Once you decide on your approach, you have another choice: active management, where fund managers handpick the contents of a portfolio company by company, or passive management, where they might license an index. Active funds tend to have higher fees, particularly for international funds where more expensive research may be necessary. And high fees can hurt returns.
What fund do you pick?
Now for some nitty-gritty.
First, the funds you’re considering. What, exactly, is in them? You can ask for the full list of companies, even though a fund’s fact sheet might list only the top 10 holdings. It can be an illuminating exercise.
Next, consider the fund managers themselves. How long have they been running this fund or ones like it — particularly if they are handpicking stocks and not just renting an index to use? Investment advisers and people who pick funds for 401(k) plans usually want to see at least a three-year track record and tens of millions of dollars under management.
Both are barriers to entry. One leaves out fund managers using new strategies, like animal welfare funds. And if few people will give a new fund money without a track record, wealthy fund managers have a built-in advantage: They can gather money from family.
“As a queer woman of color, I came from extreme rural poverty,” said Rachel Robasciotti, whose San Francisco-based investment advisory firm uses some of the most rigorous E.S.G. criteria that I’ve ever seen. “I’m well-connected now, but I don’t have that treasure trove of assets.”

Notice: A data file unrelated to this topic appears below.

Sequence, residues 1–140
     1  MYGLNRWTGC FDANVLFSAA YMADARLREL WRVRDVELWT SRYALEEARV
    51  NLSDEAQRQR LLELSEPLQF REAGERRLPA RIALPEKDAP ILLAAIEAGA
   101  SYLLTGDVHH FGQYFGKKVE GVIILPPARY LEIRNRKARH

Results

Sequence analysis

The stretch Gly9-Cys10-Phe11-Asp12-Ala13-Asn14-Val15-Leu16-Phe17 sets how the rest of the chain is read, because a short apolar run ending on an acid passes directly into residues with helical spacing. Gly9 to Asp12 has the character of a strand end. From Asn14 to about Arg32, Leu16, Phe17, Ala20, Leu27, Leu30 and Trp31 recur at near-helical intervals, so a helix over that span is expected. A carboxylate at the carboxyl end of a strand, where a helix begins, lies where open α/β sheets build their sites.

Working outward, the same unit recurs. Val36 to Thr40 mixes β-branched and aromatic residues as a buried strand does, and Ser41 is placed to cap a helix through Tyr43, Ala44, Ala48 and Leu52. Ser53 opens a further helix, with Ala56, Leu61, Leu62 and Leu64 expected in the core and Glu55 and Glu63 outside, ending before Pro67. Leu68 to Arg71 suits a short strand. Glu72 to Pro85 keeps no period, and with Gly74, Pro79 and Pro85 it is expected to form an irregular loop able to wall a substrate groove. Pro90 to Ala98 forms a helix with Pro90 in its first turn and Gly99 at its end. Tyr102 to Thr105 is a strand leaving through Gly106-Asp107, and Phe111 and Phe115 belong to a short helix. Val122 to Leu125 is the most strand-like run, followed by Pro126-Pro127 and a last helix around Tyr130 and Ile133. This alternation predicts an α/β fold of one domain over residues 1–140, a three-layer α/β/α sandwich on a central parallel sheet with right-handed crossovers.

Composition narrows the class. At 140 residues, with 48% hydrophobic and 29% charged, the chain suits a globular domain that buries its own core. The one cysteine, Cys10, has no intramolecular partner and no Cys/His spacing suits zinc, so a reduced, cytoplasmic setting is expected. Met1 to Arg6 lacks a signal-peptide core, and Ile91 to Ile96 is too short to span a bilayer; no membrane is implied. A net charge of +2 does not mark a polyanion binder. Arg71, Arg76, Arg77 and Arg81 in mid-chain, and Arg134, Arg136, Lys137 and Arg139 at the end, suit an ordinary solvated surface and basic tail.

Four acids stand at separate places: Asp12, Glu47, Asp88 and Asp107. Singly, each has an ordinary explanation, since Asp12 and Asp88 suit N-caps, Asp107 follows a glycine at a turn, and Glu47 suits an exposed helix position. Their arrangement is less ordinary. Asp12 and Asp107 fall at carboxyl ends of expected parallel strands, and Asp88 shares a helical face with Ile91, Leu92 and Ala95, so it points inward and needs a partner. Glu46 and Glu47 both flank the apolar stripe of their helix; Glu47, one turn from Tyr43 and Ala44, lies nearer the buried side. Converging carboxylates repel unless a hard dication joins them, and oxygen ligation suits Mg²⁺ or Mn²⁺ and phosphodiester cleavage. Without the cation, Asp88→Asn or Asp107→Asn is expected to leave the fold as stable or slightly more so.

Another question that doesn’t come up as much but should: How do the fund companies vote on shareholder resolutions? This usually isn’t easy to figure out, and some fund companies are better about sharing it than others.
On Thursday, Morningstar released a report on five years of E.S.G. voting records from 50 large fund companies, although it excluded governance resolutions and shareholder rights initiatives that did not specifically include social or environmental factors. It found that in 2019, Allianz Global Investors, Blackstone, Eaton Vance and PIMCO were most likely to vote in favor of E.S.G.-related resolutions. The least likely list included five of the 10 largest fund companies: American Funds, Dimensional Funds, T. Rowe Price, Vanguard and BlackRock, which shouted from the rooftops last month that it really, truly intends to care more about these sorts of things from this point forward.
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